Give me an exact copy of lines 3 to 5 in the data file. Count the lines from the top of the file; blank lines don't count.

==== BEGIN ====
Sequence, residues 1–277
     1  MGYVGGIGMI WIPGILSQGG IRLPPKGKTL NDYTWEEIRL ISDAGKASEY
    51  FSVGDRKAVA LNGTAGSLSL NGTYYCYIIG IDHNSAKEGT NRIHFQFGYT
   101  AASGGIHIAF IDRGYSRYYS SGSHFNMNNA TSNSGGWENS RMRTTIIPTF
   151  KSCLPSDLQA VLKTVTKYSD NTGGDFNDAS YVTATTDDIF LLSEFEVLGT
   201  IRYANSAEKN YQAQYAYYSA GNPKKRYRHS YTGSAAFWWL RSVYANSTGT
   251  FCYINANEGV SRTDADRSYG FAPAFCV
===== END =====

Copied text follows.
    51  FSVGDRKAVA LNGTAGSLSL NGTYYCYIIG IDHNSAKEGT NRIHFQFGYT
   101  AASGGIHIAF IDRGYSRYYS SGSHFNMNNA TSNSGGWENS RMRTTIIPTF
   151  KSCLPSDLQA VLKTVTKYSD NTGGDFNDAS YVTATTDDIF LLSEFEVLGT